April 29, 1911
Philadelphia 10, New York 6
The A's hit the road with a win, taking down the same Yankees that bedeviled them so in the first series of the season. Hippo Vaughn*, who beat the A's on opening day, was unable to repeat his magic and was chased after three ineffective innings. HOFer Eddie Plank started and finished the game for Philadelphia and pitched well but for a four-run sixth. Stuffy McInnis**, the solid Athletics shortstop, went 5-for-5 with 2 runs scored.
According to the New York Times, "This was just the kind of a game baseball fans like. There were smashing hits, circus catches, daring stops of white hot grounders, plenty of action on the base paths, and some costly errors***, all of which went to make up a concoction that you would neglect your business any day to see." But with the Athletics "clubbing the ball with all the fury and terror that gave them the title of champions of the world," it was all just too much for the Yankees.
Despite the loss, it was a special day for the home team, as the Yankees debuted the new center field bleachers of Hilltop Park. In a rare treat for this blog and its faithful readers****, we have actual photos from this game (all from the Times, click to enlarge). Thanks to the excitement of the new addition to the ball park, a raucous crowd of 18,000, one of the largest ever at Hilltop, was there to witness the game.
This is the first game of the A's 22-game road trip, and it's good to start things off with a win. The A's are now 6-7 and in a three-way tie for fourth place. The next game will be on May 2nd.
* Hippo got his nickname thanks to his size, and the Times calls him a "giant southpaw." Vaughn is listed on b-r as 6' 4" and 215 pounds, which in this day and age doesn't strike me as particularly huge. Wouldn't it be weird if Matt Garza were nicknamed "Hippo?"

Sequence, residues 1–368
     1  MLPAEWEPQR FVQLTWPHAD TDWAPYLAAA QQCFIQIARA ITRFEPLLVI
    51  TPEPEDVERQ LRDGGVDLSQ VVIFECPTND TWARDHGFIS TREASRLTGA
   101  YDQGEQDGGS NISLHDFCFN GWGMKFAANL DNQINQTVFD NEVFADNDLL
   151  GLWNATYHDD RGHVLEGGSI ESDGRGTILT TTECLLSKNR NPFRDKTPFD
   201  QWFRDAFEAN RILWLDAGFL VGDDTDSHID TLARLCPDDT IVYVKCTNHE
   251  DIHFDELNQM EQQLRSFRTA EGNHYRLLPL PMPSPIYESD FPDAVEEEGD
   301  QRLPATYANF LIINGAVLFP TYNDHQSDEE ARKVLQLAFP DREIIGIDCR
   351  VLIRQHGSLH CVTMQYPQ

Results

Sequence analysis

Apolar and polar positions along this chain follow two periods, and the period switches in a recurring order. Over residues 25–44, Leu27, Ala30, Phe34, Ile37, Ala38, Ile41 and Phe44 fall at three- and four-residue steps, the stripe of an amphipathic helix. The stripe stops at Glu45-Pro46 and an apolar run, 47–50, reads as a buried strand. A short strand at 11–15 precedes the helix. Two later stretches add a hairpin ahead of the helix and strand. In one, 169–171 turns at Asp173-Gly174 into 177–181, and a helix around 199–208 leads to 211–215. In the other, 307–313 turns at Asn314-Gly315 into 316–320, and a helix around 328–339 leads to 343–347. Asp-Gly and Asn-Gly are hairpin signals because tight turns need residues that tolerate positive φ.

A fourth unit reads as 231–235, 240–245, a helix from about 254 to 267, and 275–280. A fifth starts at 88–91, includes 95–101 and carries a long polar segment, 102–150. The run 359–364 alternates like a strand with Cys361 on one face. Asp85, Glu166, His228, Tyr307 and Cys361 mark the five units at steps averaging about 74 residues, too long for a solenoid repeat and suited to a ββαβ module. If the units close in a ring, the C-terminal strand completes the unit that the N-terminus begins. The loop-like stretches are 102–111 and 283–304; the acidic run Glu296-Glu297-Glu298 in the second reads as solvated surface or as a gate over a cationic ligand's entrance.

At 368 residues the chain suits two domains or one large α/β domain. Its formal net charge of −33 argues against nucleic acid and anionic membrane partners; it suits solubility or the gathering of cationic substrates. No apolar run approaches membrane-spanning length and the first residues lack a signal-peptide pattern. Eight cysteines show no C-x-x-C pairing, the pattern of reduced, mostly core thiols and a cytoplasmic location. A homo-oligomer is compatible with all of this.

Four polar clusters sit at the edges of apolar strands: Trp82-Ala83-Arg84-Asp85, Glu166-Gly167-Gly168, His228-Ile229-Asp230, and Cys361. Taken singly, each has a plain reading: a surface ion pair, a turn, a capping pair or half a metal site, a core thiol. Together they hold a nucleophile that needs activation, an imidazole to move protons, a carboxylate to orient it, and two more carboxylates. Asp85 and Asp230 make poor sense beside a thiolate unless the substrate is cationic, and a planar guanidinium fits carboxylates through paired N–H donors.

** From the Times again: "These world's champions are clubbers from Clubville. The lion of the day's clouting was Jack McInnes [sic], from Gloucester, Mass, and he's a whaler. There were just seven balls pitched at McInnes yesterday. One was a three-bagger and four others were one-base hits. The other two spare balls were thrown at him so far on the outside that he couldn't reach them. Five hits out of five times up, and fielding the short-stopper's province with a fine-tooth comb, was a noble day's work for the Gloucester lad.
*** It's interesting that costly errors were included as part of what fans like to see. Errors were a bigger part of the game then, so I guess it makes sense that fans would accept them as such.
**** The plural here might be a bit optimistic.
[Today's source for reporting, box score, and photos: http://query.nytimes.com/mem/archive-free/pdf?res=9805E4DB1431E233A25753C3A9629C946096D6CF]
Otis Johnson Batting
The Right Field Bleachers